The crown jewel in her library so far, in my opinion, is Stepping Into Spiritual Activism. I think it probably summarizes her mission. It is her invitation to those who want to dismantle white supremacist heteropatriarchy to first dismantle it within themselves, thus avoiding the “spiritual bypassing” she sees often among activists. She gives different advice to white folks and people of color, and acknowledges we’ve all been affected. It’s so good, so helpful, so important, so unflinching and compassionate and well-done. It reminded me of conversations I’ve had with a fellow anti-racist worker about my desire for an activist space that is not owned by a particular religious or spiritual tradition but that welcomes everyone to bring their own religious and spiritual beliefs and practices into the activist work. If we don’t make space for those, I think we rob our movements of deep wells of inspiration and motivation and healing.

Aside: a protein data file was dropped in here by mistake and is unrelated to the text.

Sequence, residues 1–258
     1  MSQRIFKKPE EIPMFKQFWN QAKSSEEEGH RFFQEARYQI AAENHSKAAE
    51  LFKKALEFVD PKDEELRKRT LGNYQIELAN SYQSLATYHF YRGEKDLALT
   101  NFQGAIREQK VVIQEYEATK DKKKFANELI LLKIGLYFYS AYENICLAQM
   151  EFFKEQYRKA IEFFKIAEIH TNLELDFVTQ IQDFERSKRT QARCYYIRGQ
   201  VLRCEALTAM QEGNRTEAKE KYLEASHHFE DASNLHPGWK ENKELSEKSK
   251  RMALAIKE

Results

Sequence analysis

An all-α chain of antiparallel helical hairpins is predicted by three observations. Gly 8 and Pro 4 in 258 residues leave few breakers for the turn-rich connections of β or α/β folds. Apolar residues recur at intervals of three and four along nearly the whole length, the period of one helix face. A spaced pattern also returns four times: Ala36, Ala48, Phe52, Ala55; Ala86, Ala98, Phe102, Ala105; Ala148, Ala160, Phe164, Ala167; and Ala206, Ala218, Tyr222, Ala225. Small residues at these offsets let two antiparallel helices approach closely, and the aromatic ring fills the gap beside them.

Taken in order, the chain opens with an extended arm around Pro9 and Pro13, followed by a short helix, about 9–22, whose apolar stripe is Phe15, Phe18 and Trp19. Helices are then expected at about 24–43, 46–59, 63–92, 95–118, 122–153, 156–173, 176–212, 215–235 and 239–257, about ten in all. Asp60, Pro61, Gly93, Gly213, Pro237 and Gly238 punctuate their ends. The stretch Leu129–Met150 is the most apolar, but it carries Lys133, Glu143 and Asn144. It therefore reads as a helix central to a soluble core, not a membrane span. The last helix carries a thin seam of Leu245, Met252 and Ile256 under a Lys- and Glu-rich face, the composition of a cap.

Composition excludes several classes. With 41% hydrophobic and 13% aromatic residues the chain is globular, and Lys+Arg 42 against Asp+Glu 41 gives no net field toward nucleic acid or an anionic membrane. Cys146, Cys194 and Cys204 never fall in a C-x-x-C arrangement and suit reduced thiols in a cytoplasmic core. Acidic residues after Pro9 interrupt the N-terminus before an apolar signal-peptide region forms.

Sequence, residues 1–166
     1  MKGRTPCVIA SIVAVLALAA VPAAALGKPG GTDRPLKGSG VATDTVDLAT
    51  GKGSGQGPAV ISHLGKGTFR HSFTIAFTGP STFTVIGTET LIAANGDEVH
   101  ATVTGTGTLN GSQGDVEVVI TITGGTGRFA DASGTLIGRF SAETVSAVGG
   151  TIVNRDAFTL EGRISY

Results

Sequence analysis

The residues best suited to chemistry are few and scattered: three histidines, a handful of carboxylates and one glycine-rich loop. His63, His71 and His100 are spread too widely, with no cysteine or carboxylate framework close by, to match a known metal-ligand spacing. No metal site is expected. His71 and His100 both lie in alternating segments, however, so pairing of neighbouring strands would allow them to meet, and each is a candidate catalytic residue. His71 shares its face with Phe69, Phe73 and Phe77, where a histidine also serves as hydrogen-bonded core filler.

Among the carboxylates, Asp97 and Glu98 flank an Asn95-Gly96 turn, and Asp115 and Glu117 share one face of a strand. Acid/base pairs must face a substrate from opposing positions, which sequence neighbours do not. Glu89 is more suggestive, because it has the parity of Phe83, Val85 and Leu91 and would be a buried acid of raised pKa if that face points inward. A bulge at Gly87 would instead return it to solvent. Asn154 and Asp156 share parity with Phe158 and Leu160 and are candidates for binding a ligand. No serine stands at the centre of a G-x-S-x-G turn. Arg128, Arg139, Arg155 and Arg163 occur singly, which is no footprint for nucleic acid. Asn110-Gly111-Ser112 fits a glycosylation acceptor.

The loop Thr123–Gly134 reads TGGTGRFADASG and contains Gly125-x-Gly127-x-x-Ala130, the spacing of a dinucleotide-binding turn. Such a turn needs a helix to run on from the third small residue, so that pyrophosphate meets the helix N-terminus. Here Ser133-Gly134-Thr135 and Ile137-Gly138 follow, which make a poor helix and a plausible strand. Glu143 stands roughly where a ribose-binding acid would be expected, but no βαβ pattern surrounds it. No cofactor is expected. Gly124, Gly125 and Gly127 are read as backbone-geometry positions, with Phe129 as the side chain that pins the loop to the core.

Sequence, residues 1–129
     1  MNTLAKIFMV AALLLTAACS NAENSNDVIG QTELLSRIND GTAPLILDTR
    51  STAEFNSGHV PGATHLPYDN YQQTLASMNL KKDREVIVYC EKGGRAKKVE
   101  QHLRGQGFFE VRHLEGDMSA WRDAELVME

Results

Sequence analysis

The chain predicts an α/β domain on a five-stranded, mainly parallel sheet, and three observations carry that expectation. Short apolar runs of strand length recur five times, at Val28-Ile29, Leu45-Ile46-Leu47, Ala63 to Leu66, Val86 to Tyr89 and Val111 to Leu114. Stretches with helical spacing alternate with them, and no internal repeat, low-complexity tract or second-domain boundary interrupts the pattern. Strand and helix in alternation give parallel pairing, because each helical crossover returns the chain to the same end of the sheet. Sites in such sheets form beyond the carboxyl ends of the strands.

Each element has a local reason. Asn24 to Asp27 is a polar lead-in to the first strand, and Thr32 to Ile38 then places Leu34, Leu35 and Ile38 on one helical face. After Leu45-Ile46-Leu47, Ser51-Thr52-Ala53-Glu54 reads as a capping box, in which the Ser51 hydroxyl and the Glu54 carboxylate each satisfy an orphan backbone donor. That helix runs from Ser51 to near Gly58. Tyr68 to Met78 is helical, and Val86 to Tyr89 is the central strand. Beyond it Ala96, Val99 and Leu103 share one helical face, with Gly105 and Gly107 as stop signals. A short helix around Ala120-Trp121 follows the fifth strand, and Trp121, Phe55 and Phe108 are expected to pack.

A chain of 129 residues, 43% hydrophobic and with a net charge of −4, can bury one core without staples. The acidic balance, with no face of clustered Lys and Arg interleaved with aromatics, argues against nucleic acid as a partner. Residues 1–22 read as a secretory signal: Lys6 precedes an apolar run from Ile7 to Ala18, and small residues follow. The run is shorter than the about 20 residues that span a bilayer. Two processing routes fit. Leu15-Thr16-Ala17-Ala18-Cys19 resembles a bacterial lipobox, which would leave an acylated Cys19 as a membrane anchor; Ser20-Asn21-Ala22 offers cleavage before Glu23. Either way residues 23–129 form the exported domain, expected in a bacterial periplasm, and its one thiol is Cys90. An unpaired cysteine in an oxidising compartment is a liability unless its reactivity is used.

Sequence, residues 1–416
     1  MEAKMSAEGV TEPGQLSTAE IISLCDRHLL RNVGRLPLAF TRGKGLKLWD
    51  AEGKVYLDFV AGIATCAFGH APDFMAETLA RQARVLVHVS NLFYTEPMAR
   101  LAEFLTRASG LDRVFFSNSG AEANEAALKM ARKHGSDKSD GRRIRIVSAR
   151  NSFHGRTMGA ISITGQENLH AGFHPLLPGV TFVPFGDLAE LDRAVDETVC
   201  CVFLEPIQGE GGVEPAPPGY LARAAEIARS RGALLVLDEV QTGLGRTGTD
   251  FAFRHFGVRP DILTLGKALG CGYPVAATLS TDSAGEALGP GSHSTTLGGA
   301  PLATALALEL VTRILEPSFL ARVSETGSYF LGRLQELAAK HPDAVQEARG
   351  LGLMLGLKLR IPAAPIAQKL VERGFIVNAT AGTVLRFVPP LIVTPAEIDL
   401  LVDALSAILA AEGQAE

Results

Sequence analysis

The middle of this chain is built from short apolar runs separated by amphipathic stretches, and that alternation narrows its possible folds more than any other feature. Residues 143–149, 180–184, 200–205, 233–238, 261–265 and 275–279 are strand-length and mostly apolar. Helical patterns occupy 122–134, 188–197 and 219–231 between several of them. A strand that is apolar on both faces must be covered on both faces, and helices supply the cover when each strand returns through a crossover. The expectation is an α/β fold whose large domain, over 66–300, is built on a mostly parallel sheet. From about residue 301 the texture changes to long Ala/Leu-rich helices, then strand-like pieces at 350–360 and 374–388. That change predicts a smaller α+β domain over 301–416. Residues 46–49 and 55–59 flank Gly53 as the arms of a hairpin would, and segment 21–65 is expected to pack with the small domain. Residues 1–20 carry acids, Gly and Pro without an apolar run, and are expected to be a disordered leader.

I encourage you to check some of these out, regardless of whether you’re interested in meditation. If you like what you hear, consider paying the creators! You can donate directly in the Insight Timer app. Rachel Ricketts can also take donations via Patreon or Paypal.
It’s been difficult to find time to write for anyone other than my professors for the last five years, but I want to start trying. I’m interested in writing about trying to become a professional mental health counselor with a strong focus on social justice, since it’s been difficult for me so far.
Here’s the dynamic I think I’m noticing: for good reason, elders in the counseling world want young counselors-in-training (CITs) to adopt a posture of humility and learning. They want us to recognize that there is so much we don’t know about treating our clients well, and to be dependent on them to learn. That is well and good. It is true that we have much to learn.